Imagine building a tiny chip that can perform the same exquisitely sensitive diagnostic tests that currently require an array of equipment in leading-edge biomedical research labs. Now try to scale that chip’s output to equal the power of 100 labs, and you get a sense of Frederick Balagaddé’s ambitions – and challenges.
Balagaddé is an assistant investigator at the Africa Health Research Institute (formerly K-RITH), where he is developing research and diagnostic tools to help control the devastating HIV and TB epidemics in South Africa and beyond. HHMI and the University of KwaZulu-Natal collaborated in creating AHRI to foster research that will help control HIV and TB.
Balagaddé’s bold ideas could change how HIV and TB testing is done in the developing world. His chip designs minimize the time, cost, and effort needed to culture microbes. The technology makes it possible to test smaller biological sample sizes, reducing the risk of exposure to infectious pathogens.
A native of Uganda, Balagaddé trained with leading researchers in the United States, including HHMI Investigator Stephen Quake, who was then at the California Institute of Technology. In Quake’s lab, he built a new kind of microfluidics chip called a microchemostat, capable of culturing live bacterial cells for weeks at a time. The successful design was built on hundreds of experiments and many unsuccessful prototypes.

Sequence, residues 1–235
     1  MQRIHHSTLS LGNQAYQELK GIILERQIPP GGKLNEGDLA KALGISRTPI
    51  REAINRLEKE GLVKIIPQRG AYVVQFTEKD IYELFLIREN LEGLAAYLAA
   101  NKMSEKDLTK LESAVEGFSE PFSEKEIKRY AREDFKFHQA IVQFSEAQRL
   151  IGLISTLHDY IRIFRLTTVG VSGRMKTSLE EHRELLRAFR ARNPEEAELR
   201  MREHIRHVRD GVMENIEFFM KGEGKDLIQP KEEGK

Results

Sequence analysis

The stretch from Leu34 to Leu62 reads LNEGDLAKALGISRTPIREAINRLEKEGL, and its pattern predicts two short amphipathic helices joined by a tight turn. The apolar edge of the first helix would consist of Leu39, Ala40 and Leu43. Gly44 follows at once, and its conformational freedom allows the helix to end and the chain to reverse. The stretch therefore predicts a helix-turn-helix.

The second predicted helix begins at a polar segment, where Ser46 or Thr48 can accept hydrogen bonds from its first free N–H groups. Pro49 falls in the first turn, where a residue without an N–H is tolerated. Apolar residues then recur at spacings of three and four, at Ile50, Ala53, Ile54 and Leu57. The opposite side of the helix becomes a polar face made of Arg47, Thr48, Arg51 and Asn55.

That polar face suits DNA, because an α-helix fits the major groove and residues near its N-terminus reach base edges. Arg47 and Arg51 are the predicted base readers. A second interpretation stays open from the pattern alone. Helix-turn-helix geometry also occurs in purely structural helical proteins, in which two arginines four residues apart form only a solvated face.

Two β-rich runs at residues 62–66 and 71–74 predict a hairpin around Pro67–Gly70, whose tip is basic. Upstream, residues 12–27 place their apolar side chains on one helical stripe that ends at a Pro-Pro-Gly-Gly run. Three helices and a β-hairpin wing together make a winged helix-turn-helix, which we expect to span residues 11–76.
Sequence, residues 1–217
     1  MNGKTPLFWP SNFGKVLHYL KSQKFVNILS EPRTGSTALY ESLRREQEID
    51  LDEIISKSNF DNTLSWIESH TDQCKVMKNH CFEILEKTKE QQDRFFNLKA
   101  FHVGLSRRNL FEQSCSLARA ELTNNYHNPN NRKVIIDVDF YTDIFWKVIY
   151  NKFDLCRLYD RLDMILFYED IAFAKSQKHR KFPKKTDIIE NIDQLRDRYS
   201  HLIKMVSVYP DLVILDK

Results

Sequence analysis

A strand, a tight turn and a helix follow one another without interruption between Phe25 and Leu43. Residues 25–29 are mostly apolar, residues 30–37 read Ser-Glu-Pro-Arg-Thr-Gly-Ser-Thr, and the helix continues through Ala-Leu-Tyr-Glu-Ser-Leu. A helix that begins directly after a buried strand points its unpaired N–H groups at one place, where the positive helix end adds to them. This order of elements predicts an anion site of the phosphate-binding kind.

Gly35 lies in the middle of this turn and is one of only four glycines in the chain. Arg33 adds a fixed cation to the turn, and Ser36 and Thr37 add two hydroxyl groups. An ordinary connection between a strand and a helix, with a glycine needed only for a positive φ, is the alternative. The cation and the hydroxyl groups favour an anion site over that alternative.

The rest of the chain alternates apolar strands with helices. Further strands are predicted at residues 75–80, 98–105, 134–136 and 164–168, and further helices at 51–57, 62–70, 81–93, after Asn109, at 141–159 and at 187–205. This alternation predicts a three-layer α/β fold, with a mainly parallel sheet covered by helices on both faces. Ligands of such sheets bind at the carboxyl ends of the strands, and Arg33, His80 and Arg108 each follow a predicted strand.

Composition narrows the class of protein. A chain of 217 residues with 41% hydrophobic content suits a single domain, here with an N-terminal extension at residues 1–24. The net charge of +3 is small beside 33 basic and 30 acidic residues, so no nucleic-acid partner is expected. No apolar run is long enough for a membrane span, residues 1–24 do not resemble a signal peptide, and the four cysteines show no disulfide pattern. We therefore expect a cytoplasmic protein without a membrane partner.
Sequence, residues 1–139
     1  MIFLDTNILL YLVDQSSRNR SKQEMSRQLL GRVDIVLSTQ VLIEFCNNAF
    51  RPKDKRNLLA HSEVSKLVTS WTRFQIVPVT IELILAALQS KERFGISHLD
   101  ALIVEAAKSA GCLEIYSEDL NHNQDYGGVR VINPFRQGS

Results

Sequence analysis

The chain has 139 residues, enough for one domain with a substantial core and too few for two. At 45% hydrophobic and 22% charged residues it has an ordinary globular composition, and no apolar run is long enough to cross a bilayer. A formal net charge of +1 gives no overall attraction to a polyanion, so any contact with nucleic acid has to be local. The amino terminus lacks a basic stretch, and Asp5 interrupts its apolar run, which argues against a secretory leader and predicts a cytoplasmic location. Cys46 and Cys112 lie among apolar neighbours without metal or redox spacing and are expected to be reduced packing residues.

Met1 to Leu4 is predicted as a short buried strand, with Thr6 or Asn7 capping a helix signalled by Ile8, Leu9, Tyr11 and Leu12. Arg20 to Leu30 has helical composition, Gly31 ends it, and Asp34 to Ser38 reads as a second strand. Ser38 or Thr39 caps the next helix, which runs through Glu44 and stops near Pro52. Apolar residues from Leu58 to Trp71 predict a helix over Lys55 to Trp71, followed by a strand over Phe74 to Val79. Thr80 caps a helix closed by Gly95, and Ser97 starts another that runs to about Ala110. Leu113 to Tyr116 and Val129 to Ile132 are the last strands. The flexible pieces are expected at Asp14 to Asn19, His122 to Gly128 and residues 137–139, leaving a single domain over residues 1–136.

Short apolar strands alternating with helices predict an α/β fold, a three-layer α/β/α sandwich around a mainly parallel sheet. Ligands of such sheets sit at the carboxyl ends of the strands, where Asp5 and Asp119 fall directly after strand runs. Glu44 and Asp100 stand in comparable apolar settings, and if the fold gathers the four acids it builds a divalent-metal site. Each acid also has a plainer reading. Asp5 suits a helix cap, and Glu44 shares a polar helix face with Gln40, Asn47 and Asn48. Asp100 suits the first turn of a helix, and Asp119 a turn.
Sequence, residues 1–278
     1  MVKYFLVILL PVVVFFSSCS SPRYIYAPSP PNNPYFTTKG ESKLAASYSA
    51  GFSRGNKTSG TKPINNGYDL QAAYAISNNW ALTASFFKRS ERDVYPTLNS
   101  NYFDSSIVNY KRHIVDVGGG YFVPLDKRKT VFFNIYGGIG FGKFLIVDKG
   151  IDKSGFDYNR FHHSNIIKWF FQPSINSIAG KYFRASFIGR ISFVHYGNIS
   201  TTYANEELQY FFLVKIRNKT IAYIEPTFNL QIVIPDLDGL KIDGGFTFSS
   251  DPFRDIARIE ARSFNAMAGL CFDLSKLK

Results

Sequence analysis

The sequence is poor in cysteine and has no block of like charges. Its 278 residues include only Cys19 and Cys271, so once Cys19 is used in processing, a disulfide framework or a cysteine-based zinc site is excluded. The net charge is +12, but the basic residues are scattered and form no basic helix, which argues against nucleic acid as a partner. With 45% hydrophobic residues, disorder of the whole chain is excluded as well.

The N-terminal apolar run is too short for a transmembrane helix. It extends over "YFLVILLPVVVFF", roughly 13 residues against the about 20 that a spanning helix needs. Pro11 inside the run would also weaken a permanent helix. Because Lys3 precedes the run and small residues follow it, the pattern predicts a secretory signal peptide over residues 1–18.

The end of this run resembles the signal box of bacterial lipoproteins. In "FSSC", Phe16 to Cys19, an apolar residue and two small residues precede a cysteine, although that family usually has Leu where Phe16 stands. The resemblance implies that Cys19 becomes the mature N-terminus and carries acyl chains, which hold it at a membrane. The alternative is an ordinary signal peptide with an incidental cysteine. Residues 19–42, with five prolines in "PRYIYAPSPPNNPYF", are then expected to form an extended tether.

Balagaddé returned to Africa in 2012 to join AHRI, where he is developing microfluidic chips to deliver low-cost diagnostic tools and high-throughput research platforms to address HIV and TB. This technology is much needed in Africa where, Balagaddé notes, there is an increasingly intense demand for first-class health care solutions at local market rates.
HHMI has brought its model for funding basic research to a global health problem by creating the Africa Health Research Institute, in partnership with the University of KwaZulu-Natal in Durban, South Africa. AHRI brings some of the brightest scientific minds from Africa and around the globe to concentrate on tuberculosis and HIV in a region where the convergence of these two diseases has created an extreme health crisis. Read more>>